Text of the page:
For the love of coffee

KONICA MINOLTA DIGITAL CAMERAToo many of the things we love could be changed forever by climate change.

I love coffee.  Proper coffee.  You know, I even enjoy washing up the pot in anticipation of what is going to happen to it next.  I guess I’m a bit of an addict.  I know I am not the only one.

But climate change is not good for coffee.  The changing weather patterns across regions such as South America are threatening coffee harvests. Crops are falling prey to disease, and farmers are facing failed harvests year after year.

Hemileia vastatrix, the coffee rust fungus, is a known hazard of growing arabica, which is 70% of the world’s production and all of a cup of coffee’s taste.   It cannot survive temperatures below 10C, which is why coffee grows best up in the hills where cold nights and drier weather have, until now, kept the disease at bay.  The warmer, wetter winters we are now seeing are allowing the disease to take hold.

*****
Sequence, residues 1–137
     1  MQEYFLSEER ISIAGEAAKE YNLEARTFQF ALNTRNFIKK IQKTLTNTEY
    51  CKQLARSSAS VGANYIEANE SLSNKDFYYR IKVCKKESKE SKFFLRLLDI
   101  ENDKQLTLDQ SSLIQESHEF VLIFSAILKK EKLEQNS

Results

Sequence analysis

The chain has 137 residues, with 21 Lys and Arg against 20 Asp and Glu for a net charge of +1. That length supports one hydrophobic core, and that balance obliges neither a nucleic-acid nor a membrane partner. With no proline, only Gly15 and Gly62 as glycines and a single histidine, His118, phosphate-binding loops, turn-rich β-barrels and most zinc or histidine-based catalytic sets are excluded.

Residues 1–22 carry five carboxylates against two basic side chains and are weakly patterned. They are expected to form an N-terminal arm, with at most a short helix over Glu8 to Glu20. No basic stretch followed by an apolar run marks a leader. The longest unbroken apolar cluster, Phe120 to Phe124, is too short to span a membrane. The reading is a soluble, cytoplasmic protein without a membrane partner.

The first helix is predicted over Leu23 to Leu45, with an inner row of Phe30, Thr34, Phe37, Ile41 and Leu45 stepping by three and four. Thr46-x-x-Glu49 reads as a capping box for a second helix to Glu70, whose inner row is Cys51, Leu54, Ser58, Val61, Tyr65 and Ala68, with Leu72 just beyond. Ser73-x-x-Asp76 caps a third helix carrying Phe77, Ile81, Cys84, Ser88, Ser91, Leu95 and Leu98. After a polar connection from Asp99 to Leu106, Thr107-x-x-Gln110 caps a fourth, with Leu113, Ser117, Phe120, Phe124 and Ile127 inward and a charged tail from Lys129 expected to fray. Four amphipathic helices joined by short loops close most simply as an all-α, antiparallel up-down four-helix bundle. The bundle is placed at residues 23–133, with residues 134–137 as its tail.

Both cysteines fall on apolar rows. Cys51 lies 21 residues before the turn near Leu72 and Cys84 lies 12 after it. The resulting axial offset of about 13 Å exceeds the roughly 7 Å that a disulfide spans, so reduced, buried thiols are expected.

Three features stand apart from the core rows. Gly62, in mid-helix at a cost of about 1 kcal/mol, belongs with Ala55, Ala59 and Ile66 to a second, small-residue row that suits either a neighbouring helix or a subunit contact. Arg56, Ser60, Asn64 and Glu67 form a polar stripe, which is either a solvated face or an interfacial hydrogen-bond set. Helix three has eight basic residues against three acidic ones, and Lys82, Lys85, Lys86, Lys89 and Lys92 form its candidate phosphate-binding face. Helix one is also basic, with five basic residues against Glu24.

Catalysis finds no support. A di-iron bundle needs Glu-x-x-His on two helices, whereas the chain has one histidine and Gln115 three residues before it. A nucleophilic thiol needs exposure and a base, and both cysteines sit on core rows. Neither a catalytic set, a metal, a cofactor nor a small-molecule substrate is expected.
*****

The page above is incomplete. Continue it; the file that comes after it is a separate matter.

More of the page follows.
I try to buy Fairtrade, organic and rainforest certified coffee to support the farmers and their local environment.  But now I know about the threat climate change holds, I have a whole new caffeine-charged reason for campaigning to keep fossil fuels in the ground where they belong.

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Author: | Date: 13 July, 2014 | Category: Church Magazine Climate Change | Comments: 0

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